By Katie McKellar (email@example.com), SLC Deseret News article link
SLC Mayor Press Release
SLC Survey Results
Our Own ArrowCreek Demographic Survey
SALT LAKE CITY — Poll results are in, and they’re reaffirming city leaders’ decision to close at least two city golf courses: Glendale and Jordan River Par-3.
Two surveys contracted by Mayor Ralph Becker’s office indicate that Salt Lake City residents want open space, parks and trails, but aren’t as interested in golf.
City Councilman Kyle LaMalfa, whose district encompasses Glendale, said the results illustrate how Salt Lake residents’ recreation preferences are changing.
“I think Salt Lake, as progressive as we are about many things, is way behind the times for trails,” LaMalfa said. “Cities like Logan, Ogden, Provo, Orem and St. George are way ahead, and the results of this poll suggest that it’s time to get Salt Lake City up to snuff with regards to our urban trails.”
The City Council was presented the findings this week as it considers whether to place a recreation bond on the ballot in November to help fund repurposing of the courses’ green space.
It’s still undecided how much residents would be asked to pay if voters approve the bond, but the mayor’s staff will be using the poll’s results to assemble a package for City Council consideration in July, LaMalfa said.
Together, the surveys reached roughly 1,500 residents. A telephone poll conducted June 1-8 reached 406 residents, equally representing all seven City Council districts, and presented findings with a 5 percent margin of error.
The rest of the information was collected in May at a series of town hall meetings where residents were allowed to vote more than once and attend multiple meetings.
When residents were asked in the telephone survey, “What would you do with repurposed Glendale Golf Course and Jordan River Par-3,” only 6 percent answered “keep the golf courses,” according to the results.
In response to the same question, 31 percent said “parks and playgrounds,” 13 percent said “open or green spaces,” 5 percent said “sports fields and facilities,” and 19 percent said “don’t know or no opinion.”
According to Lindsey Ferrari of Wilkinson Ferrari & Co., which helped with the polling, 26 percent said “other” and produced answers that leaned toward multiuse spaces and recreational facilities, including swimming pools and climbing walls.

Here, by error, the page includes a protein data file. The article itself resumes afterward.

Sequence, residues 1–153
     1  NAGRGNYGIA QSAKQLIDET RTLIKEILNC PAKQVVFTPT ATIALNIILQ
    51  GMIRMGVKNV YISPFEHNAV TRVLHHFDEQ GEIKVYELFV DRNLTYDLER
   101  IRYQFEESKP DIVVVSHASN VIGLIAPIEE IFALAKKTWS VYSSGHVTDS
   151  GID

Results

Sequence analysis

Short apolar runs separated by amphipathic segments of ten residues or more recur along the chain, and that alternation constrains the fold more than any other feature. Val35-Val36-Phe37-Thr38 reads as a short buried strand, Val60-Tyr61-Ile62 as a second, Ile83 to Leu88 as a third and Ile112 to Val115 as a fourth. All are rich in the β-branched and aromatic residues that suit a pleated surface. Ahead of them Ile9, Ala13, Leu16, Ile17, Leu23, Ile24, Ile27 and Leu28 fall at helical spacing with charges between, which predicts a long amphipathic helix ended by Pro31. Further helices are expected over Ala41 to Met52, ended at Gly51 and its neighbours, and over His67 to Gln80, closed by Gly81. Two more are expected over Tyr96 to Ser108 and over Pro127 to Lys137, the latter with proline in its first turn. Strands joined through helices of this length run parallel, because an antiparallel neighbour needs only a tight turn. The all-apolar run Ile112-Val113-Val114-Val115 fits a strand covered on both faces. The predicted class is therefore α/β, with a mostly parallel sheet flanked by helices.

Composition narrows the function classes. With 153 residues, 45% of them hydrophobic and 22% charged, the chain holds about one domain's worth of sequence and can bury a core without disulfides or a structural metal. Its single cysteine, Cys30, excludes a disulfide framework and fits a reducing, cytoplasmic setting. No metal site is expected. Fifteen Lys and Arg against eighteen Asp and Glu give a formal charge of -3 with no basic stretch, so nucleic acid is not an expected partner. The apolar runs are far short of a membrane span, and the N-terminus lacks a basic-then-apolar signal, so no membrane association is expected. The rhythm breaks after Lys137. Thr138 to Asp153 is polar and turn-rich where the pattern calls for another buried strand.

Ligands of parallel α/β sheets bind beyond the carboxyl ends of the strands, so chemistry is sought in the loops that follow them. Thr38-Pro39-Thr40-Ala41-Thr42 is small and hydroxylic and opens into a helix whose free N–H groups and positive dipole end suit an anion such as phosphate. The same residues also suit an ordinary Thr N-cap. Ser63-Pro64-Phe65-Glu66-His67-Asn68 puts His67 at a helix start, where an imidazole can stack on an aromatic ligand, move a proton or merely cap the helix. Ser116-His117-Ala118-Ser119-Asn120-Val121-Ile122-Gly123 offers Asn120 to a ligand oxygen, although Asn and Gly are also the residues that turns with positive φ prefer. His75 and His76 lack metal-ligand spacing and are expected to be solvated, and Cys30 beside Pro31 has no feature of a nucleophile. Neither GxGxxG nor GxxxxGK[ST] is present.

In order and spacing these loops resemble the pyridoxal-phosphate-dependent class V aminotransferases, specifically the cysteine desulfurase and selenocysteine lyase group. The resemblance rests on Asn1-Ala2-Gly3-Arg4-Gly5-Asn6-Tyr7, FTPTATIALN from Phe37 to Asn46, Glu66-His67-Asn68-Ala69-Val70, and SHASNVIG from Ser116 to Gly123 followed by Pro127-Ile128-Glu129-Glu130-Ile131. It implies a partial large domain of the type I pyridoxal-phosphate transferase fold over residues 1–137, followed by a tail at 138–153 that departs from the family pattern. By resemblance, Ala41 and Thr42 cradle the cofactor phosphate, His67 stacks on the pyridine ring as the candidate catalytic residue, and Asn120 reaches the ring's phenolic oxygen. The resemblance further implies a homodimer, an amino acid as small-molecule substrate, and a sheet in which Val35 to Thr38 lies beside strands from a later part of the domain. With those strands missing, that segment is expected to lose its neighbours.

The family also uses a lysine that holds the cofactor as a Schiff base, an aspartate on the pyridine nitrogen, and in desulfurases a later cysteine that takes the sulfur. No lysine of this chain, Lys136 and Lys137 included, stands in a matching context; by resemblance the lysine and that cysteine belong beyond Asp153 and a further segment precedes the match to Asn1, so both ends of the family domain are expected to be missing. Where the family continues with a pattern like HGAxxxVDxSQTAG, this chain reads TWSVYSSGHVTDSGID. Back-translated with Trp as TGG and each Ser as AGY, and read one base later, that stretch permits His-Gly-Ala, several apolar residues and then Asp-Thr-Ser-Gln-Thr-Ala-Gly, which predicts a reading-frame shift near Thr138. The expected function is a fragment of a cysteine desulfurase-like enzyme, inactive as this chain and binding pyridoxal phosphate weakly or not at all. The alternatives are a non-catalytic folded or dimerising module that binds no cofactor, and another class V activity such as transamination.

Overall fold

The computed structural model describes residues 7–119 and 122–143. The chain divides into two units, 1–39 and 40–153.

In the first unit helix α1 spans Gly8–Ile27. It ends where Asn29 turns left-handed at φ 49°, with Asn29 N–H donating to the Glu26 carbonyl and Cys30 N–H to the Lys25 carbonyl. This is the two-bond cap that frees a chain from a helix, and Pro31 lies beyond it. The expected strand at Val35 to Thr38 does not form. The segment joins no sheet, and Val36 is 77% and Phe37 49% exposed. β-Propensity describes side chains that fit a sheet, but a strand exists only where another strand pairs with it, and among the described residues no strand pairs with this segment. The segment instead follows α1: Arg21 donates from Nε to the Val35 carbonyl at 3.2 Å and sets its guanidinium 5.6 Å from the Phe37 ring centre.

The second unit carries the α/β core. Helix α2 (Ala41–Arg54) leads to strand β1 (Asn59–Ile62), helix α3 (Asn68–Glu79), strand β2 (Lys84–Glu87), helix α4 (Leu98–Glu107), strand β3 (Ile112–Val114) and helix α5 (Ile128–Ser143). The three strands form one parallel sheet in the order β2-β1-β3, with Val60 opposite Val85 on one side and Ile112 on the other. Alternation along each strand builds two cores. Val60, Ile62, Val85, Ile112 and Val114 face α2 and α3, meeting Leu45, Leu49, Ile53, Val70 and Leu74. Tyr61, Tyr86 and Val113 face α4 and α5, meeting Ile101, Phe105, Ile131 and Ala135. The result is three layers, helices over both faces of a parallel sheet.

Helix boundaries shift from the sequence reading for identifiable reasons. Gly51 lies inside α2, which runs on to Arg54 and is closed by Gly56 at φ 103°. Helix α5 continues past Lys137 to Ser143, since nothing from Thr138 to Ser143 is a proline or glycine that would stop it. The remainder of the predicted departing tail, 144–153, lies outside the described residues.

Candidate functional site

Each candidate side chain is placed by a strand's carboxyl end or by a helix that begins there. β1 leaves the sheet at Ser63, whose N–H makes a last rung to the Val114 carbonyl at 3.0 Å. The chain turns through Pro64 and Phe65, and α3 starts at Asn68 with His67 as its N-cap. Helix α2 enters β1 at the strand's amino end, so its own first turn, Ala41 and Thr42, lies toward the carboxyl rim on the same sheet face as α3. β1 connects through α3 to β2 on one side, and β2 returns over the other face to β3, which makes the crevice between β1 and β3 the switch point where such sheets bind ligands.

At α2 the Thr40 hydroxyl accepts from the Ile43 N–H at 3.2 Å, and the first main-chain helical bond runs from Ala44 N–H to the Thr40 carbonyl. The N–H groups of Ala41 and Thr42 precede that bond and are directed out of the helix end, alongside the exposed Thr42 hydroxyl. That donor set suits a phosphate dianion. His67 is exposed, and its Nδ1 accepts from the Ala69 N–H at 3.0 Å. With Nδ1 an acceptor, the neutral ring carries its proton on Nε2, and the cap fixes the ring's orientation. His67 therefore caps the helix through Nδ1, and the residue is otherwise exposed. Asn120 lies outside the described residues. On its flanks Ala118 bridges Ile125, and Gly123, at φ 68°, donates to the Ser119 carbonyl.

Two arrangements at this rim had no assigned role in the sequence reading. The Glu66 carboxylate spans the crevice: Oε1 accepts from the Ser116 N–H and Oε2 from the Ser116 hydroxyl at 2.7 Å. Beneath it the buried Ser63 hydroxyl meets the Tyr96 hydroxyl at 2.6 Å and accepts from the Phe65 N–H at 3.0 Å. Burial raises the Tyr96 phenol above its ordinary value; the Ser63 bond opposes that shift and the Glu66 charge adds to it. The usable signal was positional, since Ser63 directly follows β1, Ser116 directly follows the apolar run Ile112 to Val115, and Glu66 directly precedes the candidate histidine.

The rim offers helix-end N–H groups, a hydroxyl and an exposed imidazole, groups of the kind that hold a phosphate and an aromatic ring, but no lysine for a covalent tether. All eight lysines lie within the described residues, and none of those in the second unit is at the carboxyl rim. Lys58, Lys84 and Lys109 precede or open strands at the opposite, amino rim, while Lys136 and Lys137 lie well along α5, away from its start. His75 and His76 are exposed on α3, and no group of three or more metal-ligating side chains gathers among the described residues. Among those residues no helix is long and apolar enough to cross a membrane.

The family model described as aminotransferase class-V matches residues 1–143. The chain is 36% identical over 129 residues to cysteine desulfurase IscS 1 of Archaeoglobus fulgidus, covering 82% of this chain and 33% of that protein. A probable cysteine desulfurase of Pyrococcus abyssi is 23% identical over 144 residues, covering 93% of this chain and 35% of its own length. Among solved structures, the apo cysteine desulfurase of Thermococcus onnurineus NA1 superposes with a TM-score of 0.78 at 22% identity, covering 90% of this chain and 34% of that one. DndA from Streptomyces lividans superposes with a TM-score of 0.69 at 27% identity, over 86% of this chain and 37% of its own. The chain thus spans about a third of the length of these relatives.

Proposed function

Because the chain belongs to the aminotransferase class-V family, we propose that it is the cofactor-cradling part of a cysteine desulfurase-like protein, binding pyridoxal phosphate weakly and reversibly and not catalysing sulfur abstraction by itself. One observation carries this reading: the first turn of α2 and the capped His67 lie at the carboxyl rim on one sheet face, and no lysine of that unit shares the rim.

Councilwoman Lisa Adams said she has been contacted by constituents who worried the questions were phrased in a way that excluded golf as an option, but said she was confident the surveys allowed for open-ended answers.
City officials said answers showed residents have a strong interest in adding new parks and recreation opportunities, including unpaved trails, urban farms, nature centers, mountain biking parks, and engagement in water-related sports such as kayaking along Jordan River.
Residents also want the city to take better care of existing facilities by maintaining parks, implementing sustainable principles, and switching to secondary water for irrigation wherever possible.
In fact, residents’ answers even showed they’d be willing to help pay for the investments.
When the telephone survey asked, “How much would you be willing to pay per month to support this bond?” the largest group, 32 percent, said $10 or more, the highest option the survey provided. Other answers were spread out among lower numbers, but 21 percent said $4 to $6, and 13 percent said they would pay nothing.
“There appears to be a groundswell of community support, and there’s every reason to keep this moving forward,” LaMalfa said.
Adams pointed out that many of the protesters who attended a rally last weekend to keep the Glendale Golf Course open were not Salt Lake City residents.
LaMalfa said judging from his constituents’ feedback, the survey results seem to accurately reflect their wishes and their interest in golf. He said while Salt Lake City welcomes visitors, it’s residents’ voices should have more weight when considering changes to their neighborhoods.